I was amazed to see that you can't tell the difference between this quick release and a typical solomon. It was definately a challenge to get started, but the pictures were a great help. I recommend holding the bracelet exactly as in the pictures and working one frame at a time. Once you get the pattern it moves quickly. I would love to test it's quick release but don't want to break it apart yet! Maybe the next one. Great bracelet and great site. Thanks

Stephen
Stephen

Just tied my first tonight. What a challenge compared to the simple solomon bar. I started over about five times. Each time you go through a bite there are two strings to pull tight, one on the bite you just went through and then the working end of the other. Also it helped to pull upward on the end buckle while holding the completed bars to tighten it all together. Good luck!

Vince
Vince

Made one for my brother, He's going abroad to New Zealand and plans to do a lot of travelling. He's one of those guys who likes to be incredibly prepared to the point of borderline paranoia. This article was great, really explanatory. I got about 10-10 and a half feet into it, keeping it tight, and its made for a smaller wrist. thanks for the help.

Mike Hunt
Mike Hunt

Awesome design! I have been making generic paracord/ cobra weave bracelets for some time but never knew about this specific design. Thank you!

Michael Fine
Michael Fine

Bad Ass...I've seen these things sold for upwards of $10. I just made one with paracord from work for free!!! Need a little more practice though. My loops are a little loose in places and i tightened unevenly so it twisted a little. Anybody have any words of wisdom that may be able to help?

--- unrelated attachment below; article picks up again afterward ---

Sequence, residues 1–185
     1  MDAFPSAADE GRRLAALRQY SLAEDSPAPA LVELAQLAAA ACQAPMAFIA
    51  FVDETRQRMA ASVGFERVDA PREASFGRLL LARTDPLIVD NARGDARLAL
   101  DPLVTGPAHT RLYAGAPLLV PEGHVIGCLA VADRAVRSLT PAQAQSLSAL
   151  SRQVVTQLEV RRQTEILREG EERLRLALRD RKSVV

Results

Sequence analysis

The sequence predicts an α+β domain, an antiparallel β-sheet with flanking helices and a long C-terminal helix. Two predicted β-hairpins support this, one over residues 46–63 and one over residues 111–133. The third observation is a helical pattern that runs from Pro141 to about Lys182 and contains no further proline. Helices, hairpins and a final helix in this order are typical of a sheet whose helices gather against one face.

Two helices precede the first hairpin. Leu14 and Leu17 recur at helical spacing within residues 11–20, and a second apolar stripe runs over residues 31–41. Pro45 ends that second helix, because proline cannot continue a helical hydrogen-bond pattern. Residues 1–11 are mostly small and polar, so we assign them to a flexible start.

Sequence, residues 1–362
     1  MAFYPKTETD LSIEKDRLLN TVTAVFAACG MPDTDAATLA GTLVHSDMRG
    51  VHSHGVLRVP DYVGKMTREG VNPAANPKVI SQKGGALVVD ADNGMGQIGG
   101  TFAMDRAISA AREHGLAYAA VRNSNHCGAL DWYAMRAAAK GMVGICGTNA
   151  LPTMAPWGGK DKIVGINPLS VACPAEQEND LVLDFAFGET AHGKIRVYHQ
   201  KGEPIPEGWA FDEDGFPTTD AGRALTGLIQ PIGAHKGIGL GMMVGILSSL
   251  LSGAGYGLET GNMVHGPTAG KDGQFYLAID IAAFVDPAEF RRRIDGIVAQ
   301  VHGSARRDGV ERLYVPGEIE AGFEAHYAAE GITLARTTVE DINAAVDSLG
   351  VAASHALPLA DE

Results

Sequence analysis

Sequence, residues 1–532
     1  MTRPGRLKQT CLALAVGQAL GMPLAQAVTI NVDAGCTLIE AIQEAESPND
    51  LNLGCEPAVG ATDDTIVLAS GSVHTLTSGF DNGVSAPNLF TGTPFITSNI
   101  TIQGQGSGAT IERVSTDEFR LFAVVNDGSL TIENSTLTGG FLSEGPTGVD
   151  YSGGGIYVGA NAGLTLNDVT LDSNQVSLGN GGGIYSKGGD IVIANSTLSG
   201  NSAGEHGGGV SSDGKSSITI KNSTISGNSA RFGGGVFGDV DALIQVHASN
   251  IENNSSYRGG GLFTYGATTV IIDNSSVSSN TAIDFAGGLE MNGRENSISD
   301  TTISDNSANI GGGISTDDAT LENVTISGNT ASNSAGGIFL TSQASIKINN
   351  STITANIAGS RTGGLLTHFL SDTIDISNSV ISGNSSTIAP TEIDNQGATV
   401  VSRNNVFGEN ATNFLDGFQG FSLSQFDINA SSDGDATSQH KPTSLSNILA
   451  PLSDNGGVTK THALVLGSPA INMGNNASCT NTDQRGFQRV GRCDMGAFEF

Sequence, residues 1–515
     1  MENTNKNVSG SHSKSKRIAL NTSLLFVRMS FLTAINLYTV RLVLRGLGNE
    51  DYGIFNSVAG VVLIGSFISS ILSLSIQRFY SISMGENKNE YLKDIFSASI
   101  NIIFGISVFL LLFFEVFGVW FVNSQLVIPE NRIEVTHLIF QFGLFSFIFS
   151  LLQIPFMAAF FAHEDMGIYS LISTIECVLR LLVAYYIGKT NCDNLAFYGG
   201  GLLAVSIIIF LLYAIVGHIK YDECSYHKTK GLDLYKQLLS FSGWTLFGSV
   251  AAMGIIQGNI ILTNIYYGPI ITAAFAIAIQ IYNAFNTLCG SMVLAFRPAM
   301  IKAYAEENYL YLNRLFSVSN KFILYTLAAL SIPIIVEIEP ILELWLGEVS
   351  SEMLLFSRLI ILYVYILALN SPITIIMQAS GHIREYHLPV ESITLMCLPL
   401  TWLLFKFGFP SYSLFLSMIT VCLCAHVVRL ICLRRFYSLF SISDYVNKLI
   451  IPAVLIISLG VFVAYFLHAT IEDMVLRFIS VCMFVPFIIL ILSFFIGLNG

Thanks!

Michael Fine
Michael Fine

Bad Ass...I've seen these things sold for upwards of $10. I just made one with paracord from work for free!!! Need a little more practice though. My loops are a little loose in places and i tightened unevenly so it twisted a little. Anybody have any words of wisdom that may be able to help? Thanks!

Kirk
Kirk

I'm assuming you could just double back going the other way to store twice the cord and make it 2x more manly lookin, just like with a double solomon bar right?

Jon
Jon

awesome tutorial, I started with exactly 12 feet and ended up with exactly 10.5 feet

MikeD
MikeD

Awesome, looking foward to making mine. For those looking for something different but also quick deploying try a zipper sinnet knot, slightly bulkier than the bar, but a nice alternative.

Jon
Jon

It would be outstanding if some offered a mini cobra or raptor style buckle to use as the clasp

Abraham Hepler
Abraham Hepler

Just finished tying this one... I have made literally several hundred of the Solomon Bar style bracelets, and have always questioned in the back of my mind how effective it would be in an emergency where time was a factor... this is an INCREDIBLE solution. Bracelet looks and feels great, and it it deploys quickly. Great work! Thanks!